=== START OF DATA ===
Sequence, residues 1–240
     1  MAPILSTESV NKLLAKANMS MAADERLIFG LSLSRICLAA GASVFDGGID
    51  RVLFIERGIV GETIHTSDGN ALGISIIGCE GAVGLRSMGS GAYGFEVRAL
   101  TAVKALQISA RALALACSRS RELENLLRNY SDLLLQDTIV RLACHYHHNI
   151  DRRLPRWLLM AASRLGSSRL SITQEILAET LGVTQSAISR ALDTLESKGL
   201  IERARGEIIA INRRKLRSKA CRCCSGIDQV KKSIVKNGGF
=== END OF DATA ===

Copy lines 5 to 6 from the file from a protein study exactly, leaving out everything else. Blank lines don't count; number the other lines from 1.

   151  DRRLPRWLLM AASRLGSSRL SITQEILAET LGVTQSAISR ALDTLESKGL
   201  IERARGEIIA INRRKLRSKA CRCCSGIDQV KKSIVKNGGF